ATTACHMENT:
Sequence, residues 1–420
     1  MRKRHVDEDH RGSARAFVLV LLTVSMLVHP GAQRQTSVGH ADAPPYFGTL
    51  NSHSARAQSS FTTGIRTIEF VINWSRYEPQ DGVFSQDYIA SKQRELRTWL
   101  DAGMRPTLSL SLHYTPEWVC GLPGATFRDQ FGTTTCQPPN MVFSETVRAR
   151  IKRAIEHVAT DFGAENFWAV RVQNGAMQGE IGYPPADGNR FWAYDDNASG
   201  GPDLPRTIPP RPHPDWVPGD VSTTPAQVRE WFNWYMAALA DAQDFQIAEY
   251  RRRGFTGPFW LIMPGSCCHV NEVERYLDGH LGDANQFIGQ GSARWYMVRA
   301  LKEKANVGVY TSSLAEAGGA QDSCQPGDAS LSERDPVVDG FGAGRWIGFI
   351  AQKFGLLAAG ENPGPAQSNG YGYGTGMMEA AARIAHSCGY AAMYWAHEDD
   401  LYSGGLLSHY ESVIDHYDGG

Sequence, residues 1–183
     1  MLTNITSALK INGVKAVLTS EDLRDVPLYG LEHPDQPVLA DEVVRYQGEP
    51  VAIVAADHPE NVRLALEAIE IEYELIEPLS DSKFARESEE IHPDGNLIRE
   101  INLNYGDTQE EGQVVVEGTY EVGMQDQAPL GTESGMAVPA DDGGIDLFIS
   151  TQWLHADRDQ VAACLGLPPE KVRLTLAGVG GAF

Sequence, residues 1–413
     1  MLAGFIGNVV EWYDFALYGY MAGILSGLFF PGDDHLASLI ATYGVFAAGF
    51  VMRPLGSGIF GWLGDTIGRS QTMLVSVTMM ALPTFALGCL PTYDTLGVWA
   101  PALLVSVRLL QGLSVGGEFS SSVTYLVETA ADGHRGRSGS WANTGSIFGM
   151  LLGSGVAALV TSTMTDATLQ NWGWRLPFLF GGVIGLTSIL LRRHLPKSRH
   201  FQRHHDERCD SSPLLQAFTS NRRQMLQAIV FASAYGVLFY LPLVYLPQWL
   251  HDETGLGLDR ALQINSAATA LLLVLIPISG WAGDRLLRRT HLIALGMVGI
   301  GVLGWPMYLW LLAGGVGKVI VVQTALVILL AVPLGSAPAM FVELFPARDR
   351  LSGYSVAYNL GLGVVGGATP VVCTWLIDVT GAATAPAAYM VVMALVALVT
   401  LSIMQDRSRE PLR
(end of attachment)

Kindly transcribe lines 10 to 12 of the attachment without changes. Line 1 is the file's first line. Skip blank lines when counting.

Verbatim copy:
   401  LYSGGLLSHY ESVIDHYDGG

Sequence, residues 1–183
     1  MLTNITSALK INGVKAVLTS EDLRDVPLYG LEHPDQPVLA DEVVRYQGEP